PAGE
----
Philippe Decuyper is the founder of eaReckon, the company behind plug-ins EAReverb and, more recently, the Analog87 Series. Computer Music spoke to him recently to find out about his background in music software programming.
Tell us about your background in music and programming.
"I've been playing music ever since I was given a plastic saxophone at the age of six. My parents were so delighted by the sound of this instrument that they bought me a recorder and enrolled me into a local music school.
"My recorder and, later, my guitar and first keyboard were never enough, so I began to build instruments from almost everything I could find in the house. As soon as the first computer arrived, I did my best to figure out how it could be used to create music...
"Finally, I studied computer science at university, did some mastering in a small studio, etc, but always kept building and programming noisy things while dreaming about instruments I could not afford. Later I joined the Toontrack beta team and became one of their consultants. They gave me the confidence I needed to create my company."
What's your advice for someone who wants to make plug-ins?
"Maybe you can start by analysing your needs as a musician - there is a good chance that what you need can be useful to others. Then you can use tools such as SynthMaker to experiment with ideas. These tools are fantastic because you can instantly hear the result of a modification. As soon as your first prototype is ready, go to www.teragonaudio.com – it provides excellent resources to get started with plug-in development."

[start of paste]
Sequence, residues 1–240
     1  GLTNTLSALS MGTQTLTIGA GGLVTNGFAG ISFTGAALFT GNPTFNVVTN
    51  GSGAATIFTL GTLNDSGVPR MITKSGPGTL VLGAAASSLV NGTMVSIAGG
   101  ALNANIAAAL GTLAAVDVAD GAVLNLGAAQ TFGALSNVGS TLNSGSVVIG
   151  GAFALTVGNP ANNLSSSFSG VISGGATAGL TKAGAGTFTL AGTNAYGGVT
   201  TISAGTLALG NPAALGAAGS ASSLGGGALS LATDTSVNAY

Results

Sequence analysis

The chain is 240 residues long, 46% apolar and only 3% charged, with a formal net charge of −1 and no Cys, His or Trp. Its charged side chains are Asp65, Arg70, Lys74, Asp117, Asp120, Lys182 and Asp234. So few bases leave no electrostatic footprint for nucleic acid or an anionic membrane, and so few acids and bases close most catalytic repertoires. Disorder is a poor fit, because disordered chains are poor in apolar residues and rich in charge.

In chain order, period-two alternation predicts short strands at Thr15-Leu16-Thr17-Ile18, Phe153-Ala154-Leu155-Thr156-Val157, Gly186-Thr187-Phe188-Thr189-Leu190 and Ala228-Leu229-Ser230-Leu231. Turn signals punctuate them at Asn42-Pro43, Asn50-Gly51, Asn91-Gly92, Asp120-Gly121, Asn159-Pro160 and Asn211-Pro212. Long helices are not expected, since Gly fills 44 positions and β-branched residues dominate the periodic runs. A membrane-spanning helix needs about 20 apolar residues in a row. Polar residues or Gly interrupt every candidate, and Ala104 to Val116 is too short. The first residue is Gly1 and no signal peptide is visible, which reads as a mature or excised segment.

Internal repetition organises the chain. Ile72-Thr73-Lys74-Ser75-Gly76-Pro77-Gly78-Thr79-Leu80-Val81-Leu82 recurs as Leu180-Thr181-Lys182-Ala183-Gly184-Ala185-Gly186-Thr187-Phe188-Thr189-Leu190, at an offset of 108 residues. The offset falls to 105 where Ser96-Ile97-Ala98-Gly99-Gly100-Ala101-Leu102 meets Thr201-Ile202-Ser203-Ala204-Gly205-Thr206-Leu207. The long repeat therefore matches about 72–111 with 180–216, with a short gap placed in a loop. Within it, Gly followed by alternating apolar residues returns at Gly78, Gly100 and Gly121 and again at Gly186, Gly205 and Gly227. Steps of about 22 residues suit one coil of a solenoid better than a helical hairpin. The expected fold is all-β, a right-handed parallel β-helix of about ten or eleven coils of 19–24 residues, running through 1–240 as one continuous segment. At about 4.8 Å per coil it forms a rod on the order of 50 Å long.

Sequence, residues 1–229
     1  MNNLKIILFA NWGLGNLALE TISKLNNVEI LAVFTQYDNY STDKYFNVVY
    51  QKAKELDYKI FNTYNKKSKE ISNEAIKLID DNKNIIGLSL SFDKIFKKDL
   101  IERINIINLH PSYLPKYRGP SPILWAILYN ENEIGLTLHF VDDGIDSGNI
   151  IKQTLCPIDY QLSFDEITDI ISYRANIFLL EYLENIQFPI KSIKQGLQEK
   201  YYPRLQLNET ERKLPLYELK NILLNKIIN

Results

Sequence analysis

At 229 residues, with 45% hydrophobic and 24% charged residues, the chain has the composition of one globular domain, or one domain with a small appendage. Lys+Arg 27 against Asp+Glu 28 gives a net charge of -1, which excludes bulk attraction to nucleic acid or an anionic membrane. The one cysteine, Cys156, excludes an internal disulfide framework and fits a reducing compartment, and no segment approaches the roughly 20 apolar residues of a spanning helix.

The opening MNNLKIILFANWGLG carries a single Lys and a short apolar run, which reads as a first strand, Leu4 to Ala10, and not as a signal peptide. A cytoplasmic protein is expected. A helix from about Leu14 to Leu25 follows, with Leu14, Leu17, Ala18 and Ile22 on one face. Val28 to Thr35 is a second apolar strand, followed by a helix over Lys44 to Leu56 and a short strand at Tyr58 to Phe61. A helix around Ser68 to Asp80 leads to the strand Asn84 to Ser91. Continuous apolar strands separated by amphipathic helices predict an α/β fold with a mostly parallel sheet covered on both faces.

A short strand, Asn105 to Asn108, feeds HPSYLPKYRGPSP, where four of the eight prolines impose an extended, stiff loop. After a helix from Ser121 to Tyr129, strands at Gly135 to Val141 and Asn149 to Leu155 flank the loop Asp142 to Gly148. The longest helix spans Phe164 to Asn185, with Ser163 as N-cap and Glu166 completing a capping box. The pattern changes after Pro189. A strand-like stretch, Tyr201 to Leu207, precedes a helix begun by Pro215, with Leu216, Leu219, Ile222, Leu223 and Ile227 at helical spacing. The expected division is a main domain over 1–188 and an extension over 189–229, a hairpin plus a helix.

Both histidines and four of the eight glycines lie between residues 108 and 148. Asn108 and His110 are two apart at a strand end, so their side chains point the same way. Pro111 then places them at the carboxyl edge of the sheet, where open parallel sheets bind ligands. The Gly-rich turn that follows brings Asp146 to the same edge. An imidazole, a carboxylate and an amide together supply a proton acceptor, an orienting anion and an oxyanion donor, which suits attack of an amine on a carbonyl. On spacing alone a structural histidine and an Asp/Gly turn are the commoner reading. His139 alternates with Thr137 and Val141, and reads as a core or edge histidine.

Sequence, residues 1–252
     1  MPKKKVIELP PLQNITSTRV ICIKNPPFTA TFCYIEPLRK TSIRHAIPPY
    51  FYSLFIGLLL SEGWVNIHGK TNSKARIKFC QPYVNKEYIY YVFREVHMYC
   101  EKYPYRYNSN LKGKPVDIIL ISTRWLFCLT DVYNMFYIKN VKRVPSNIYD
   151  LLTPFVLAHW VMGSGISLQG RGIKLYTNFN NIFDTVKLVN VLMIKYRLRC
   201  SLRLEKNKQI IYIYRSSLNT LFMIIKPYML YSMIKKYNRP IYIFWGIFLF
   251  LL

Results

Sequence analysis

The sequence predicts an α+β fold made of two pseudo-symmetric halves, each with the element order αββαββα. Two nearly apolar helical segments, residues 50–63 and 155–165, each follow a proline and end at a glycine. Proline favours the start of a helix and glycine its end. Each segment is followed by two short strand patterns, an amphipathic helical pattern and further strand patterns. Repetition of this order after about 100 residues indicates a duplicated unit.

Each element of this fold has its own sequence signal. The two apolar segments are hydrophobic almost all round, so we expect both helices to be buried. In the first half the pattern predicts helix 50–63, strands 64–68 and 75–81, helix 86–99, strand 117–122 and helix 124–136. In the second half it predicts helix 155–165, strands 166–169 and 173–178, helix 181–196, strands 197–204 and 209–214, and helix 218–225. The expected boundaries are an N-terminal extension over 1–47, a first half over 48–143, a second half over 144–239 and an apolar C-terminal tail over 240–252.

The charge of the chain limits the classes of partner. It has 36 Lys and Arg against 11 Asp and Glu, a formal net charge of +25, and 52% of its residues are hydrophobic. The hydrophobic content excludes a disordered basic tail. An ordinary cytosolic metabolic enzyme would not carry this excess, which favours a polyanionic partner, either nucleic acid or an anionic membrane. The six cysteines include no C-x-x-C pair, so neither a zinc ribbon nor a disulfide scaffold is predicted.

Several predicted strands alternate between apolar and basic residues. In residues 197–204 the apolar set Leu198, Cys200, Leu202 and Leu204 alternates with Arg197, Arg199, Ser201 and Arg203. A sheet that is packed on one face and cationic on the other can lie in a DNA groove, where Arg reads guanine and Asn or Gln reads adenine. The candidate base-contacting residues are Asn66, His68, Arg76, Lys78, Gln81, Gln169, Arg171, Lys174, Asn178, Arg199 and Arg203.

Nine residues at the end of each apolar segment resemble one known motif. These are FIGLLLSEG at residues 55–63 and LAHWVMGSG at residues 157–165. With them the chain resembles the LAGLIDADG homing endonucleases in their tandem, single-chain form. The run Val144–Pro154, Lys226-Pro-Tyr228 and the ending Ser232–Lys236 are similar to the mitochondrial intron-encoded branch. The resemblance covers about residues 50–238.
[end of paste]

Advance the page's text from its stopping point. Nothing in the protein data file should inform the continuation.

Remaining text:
There are loads of reverb plug-ins out there already. What's special about yours, eaReverb?
"I wanted a flexible (algorithmic) and smooth reverb that sounds very natural in order to simulate real acoustic environments; something that does not change wood into metal, whatever the applied settings.
"One of the biggest challenges was to avoid any metallic artifacts in the late reflections. The whole thing's taken a lot of fine-tuning to get to the point of being satisfied with the results.
"Finally, optimising the code without any compromise on these results has been a difficult task. The first prototype was a real CPU-killer!"
You're behind the eDrum For Free project, which details how to make DIY electronic drum pads. What do you see for the future of electronic drum kits?
"Electronic drums have evolved a lot since the first Simmons kits, and they're now considered good enough to be widely used in small gigs and recording sessions. However, drums are complex instruments and it can be disappointing to switch from acoustic to electric (the opposite is also true).
"Now we have amazingly realistic sample libraries at our disposal and pads that feel more and more like the real thing. Finally, electronic drums can also be used to trigger electronic sounds - in this context, all kinds of crazy things may appear in the future."
What's coming next from eaReckon?
"I'm working on a new effect plug-in and hope to reveal it before the end of 2012. The primary goal was to build something that can create rhythms from anything, but it has the potential to be used in various applications. I'm very excited about it - the current prototype is lots of fun."